Traditional animation (also called cel animation or hand-drawn animation) was the process used for most animated films of the 20th century. The individual frames of a traditionally animated film are photographs of drawings, which are first drawn on paper. To create the illusion of movement, each drawing differs slightly from the one before it. The animators' drawings are traced or photocopied onto transparent acetate sheets called cels, which are filled in with paints in assigned colors or tones on the side opposite the line drawings. The completed character cels are photographed one-by-one onto motion picture film against a painted background by a rostrum camera.
The traditional cel animation process became obsolete by the beginning of the 21st century. Today, animators' drawings and the backgrounds are either scanned into or drawn directly into a computer system. Various software programs are used to color the drawings and simulate camera movement and effects. The final animated piece is output to one of several delivery media, including traditional 35 mm film and newer media such as digital video. The "look" of traditional cel animation is still preserved, and the character animators' work has remained essentially the same over the past 70 years. Some animation producers have used the term "tradigital" to describe cel animation which makes extensive use of computer technology.
Examples of traditionally animated feature films include Pinocchio (United States, 1940), Animal Farm (United Kingdom, 1954), and Akira (Japan, 1988). Traditional animated films which were produced with the aid of computer technology include The Lion King (US, 1994) Sen to Chihiro no Kamikakushi (Spirited Away) (Japan, 2001), Treasure Planet (USA, 2002) and Les Triplettes de Belleville (2003).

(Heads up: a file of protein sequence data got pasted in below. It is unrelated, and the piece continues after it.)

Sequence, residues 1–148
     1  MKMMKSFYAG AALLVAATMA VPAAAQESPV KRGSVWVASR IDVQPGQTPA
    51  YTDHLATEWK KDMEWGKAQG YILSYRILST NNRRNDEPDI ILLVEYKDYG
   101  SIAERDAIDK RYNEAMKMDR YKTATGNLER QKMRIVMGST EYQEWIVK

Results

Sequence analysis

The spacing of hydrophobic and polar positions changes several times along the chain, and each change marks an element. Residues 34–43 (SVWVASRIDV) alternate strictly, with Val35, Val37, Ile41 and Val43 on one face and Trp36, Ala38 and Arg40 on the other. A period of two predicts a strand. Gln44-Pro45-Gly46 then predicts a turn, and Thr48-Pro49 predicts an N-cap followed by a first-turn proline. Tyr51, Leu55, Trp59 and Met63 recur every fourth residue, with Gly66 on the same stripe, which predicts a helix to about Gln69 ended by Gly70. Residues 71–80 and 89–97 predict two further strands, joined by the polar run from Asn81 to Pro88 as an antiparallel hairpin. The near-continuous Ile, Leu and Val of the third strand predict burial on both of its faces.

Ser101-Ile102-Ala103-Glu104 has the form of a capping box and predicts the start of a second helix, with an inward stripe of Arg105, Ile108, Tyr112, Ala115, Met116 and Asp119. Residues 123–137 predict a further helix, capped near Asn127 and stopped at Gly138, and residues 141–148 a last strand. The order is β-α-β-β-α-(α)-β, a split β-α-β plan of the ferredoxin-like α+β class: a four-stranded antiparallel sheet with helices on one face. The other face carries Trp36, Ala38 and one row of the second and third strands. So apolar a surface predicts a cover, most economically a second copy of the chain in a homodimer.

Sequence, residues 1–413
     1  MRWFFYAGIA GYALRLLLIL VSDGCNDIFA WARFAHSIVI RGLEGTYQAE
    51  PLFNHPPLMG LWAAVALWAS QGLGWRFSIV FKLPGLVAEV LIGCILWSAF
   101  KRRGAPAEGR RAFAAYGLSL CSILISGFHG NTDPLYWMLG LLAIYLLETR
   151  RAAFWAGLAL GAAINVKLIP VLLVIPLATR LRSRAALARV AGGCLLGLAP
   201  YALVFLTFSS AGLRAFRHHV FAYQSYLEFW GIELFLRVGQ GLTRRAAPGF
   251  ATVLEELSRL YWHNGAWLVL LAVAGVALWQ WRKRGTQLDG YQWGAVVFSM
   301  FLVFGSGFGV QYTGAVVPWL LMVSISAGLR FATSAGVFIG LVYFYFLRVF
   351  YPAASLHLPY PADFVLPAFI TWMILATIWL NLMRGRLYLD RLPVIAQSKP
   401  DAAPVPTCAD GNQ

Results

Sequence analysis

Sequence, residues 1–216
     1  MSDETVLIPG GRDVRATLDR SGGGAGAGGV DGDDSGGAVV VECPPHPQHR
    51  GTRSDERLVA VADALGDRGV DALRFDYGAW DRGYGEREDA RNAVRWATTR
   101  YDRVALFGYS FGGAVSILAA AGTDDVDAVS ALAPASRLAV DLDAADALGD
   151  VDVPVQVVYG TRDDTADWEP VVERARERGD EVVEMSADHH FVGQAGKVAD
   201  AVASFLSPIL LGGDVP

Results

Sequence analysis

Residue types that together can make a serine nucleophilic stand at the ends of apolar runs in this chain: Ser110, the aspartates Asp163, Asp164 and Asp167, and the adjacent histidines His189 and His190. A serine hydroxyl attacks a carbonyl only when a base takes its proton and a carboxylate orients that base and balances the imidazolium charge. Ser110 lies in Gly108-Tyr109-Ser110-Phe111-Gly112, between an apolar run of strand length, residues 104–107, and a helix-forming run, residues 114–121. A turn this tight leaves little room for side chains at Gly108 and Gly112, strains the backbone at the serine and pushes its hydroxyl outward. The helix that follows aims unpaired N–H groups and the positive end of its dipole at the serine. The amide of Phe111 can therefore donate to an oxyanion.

- Full animation refers to the process of producing high-quality traditionally animated films, which regularly use detailed drawings and plausible movement. Fully animated films can be done in a variety of styles, from more realistically animated works such as those produced by the Walt Disney studio (Beauty and the Beast, Aladdin, Lion King) to the more "cartoony" styles of those produced by the Warner Bros. animation studio (Iron Giant, Quest for Camelot, Cats Don't Dance). Many of the Disney animated features are examples of full animation, as are non-Disney works such as The Secret of NIMH (US, 1982) and The Iron Giant (US, 1999), Nocturna (Spain, 2007)
- Limited animation involves the use of less detailed and/or more stylized drawings and methods of movement. Pioneered by the artists at the American studio United Productions of America, limited animation can be used as a method of stylized artistic expression, as in Gerald McBoing Boing (US, 1951), Yellow Submarine (UK, 1968), and much of the anime produced in Japan. Its primary use, however, has been in producing cost-effective animated content for media such as television (the work of Hanna-Barbera, Filmation, and other TV animation studios) and later the Internet (web cartoons). Some examples are; Spongebob Squarepants (USA, 1999–present), The Fairly OddParents (USA, 2001–present) and Invader Zim (USA, 2001–2006).
- Rotoscoping is a technique, patented by Max Fleischer in 1917, where animators trace live-action movement, frame by frame. The source film can be directly copied from actors' outlines into animated drawings, as in The Lord of the Rings (US, 1978), used as a basis and inspiration for character animation, as in most Disney films, or used in a stylized and expressive manner, as in Waking Life (US, 2001) and A Scanner Darkly (US, 2006). Some other examples are: Fire and Ice (USA, 1983) and Heavy Metal (1981).
- Live-action/animation is a technique, when combining hand-drawn characters into live action shots. One of the earlier uses of it was Koko the Clown when Koko was drawn over live action footage. Other examples would include Who Framed Roger Rabbit? (USA, 1988), Space Jam (USA, 1996) and Osmosis Jones (USA, 2002).